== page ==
I love to invent stories and come up with ideas, but I don't have the patience to fill out all the details that is usually a part of a novel. (For those of you familiar with Myers-Briggs or Jungian psychology, I'm talking about the curse of the Intuitives). Said in another way, I want to design stories rather than write them.

What genre or format is the most efficient way to tell a story when you want to focus on narratives and not on prose? I would for instance assume that a screenplay takes less writing than a novel. Not necessarily less time, but less actual writing (please correct me if I'm wrong).

Just to get it straight, I realize that any story creation takes time. I just want to spend that time thinking more than writing.

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    I hate to be an ass, but if you don't like writing, maybe you shouldn't try to be a writer. Jan 20, 2013 at 16:56
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    It feels like your weakness is 'the word', not necessarily that you have to have a world built behind it. If I understood correctly, it's that you're more visual than verbal, you just 'feel' the story and visualize it in your mind (with dialog, I presume) but you don't know to effectively do that in words. So why don't you try making e-comics? Consistency would be hard to keep, though, as you'll have to rely on this 'inner-eye' for detail, unless you don't mind writing yourself notes. If it's the work you're having problems with, then I don't really have any advice.
    – Mussri
    Jan 20, 2013 at 18:13
  • Homer hated writing. Jan 24, 2013 at 1:37
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    @Aerovistae Yes, I'm sure the Simpson paterfamilias struggles with iterating his thoughts on paper, but that's hardly the point. Jan 24, 2013 at 12:38
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    But...I...but...okay. Jan 24, 2013 at 19:14

6 Answers 6


Maybe you shouldn't be writing.

  • Maybe you should be collaborating. Sketch the thing out and hire a partner, or a ghostwriter.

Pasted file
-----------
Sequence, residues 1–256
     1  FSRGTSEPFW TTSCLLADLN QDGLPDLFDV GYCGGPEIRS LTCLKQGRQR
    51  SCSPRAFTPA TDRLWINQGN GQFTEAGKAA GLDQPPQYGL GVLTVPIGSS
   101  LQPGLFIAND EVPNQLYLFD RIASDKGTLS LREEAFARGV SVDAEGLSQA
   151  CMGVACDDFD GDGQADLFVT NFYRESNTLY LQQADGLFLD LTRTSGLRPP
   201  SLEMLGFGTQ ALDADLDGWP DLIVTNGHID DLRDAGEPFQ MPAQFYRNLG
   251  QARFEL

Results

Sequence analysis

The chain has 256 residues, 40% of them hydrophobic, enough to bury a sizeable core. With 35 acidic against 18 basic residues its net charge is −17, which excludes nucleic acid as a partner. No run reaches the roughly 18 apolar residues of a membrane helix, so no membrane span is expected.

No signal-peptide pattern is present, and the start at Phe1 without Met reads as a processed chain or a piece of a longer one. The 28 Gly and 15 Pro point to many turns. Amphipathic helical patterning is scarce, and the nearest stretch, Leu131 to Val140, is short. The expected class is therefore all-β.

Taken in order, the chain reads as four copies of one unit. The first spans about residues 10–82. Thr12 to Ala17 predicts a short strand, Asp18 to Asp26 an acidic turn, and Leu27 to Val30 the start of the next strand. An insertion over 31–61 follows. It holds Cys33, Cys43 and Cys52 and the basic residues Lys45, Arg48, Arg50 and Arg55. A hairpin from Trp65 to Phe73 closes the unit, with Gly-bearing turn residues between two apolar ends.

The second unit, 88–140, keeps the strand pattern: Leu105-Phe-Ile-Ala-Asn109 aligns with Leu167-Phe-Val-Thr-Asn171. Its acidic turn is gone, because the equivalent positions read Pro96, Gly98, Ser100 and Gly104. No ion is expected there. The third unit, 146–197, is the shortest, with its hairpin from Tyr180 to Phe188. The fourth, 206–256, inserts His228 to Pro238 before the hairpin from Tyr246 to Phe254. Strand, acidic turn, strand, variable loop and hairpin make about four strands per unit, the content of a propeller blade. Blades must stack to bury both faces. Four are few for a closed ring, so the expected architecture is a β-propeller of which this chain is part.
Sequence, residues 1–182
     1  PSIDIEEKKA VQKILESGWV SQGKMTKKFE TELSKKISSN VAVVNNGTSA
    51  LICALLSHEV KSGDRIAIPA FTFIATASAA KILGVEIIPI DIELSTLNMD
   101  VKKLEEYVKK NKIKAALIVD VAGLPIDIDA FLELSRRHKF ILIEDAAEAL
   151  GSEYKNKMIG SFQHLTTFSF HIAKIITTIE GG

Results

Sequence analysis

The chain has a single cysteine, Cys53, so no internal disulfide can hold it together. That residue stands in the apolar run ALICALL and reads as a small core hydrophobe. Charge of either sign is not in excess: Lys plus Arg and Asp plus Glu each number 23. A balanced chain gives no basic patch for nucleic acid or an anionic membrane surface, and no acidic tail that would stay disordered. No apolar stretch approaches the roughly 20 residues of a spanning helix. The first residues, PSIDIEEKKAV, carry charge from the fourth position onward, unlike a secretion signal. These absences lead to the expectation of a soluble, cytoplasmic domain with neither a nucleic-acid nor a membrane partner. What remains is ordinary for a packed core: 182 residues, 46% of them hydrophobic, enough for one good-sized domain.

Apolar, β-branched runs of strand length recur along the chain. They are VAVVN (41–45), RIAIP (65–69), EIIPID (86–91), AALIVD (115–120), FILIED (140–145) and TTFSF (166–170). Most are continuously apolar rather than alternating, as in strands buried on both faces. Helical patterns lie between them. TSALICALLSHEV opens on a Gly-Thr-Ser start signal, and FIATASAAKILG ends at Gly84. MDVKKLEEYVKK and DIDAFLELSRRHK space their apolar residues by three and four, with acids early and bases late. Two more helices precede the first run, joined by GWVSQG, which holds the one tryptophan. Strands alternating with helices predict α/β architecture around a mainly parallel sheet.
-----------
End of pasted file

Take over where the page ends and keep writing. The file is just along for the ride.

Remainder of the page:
• Short stories. Fewer words, and less need to create a world. You only need to create as much as is necessary to make the story hold up.

  • Tell stories out loud instead. Find a library which needs volunteers (a bit redundant, I know) and offer to set up a story hour for kids. But instead of reading, you're just extemporizing your stories. Alternately, join an improv group.

  • I think we have at least one video game writer on this board — how much "writing" does a video game narrative require?

I would actually not suggest poetry, as the effort required to find le mot juste takes just as much blood, sweat, and tears as writing prose, even if there are fewer words.

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    Addendum for the monolingual: le mot juste is the right word. Tu parles français, Lauren? Ou tu sais des phrases diverses? Jan 20, 2013 at 17:08
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    @Aerovistae, the phrase le mot juste has been borrowed into English. It doesn't necessarily indicate bilingualism. (Though Lauren would have to tell you if she actually is bilingual.) Jan 20, 2013 at 17:12
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    @Aerovistae Oui, je le parle un peu, et l'italien aussi, although my Italian is more Sicilian. It amused me that the right phrase for "the right word" was in French. :) Jan 20, 2013 at 17:13
  • I second the video game idea! Check out RPGMaker to get started and find out if this way of telling stories is for you. You can get it on Steam, too.
    – B Altmann
    Sep 28, 2017 at 19:14

Easiest way: only tell the highlights. If it isn't pertinent to the progression of the story, don't put it in. If it is, don't leave it out. That's about as simple as it gets. Hope this helps!


Have you tried writing Kōans?

They are between one sentence and one paragraph long. Pure prose. No special prerequisites to writing them.

Try to write some great Kōans.

The likely outcome is that you will fail utterly. But then, the attempt should humble you enough that you will learn to value the freedoms granted by typical "novel style" prose.

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    This answer confuses me so much. I know what a koan is but do not see the benefit in writing one or the difference from novelistic prose. I have clearly not passed the test. Jan 24, 2013 at 1:39
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    @Aerovistae: OP wanted A genre with least amount of writing to tell a story. The Kōan is such a genre, a direct answer literally fulfilling OP's request - but also cruelly cynical. OP implied a shortcut, to make writing easier by skipping detail. Kōan is one of the most difficult genres of prose, certainly more difficult than novel. If OP hopes for Kōan to be a shortcut to avoiding difficulties of Novel, he will be sorely disappointed. What he perceives as Novel's difficulties is in fact liberties, something Kōan has not. Noticing how sorely they are lacking may change his mind on novel.
    – SF.
    Jan 24, 2013 at 8:39
  • I understand the idea at work here, but the principle it's predicated upon escapes me-- based on what logic or opinion polls are we declaring koans to be "certainly more difficult" than novels? Jan 24, 2013 at 8:41
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    @Aerovistae: I did. Maybe not great, but ones I'm not ashamed of. I'm yet to write a half-decent Kōan.
    – SF.
    Jan 24, 2013 at 8:48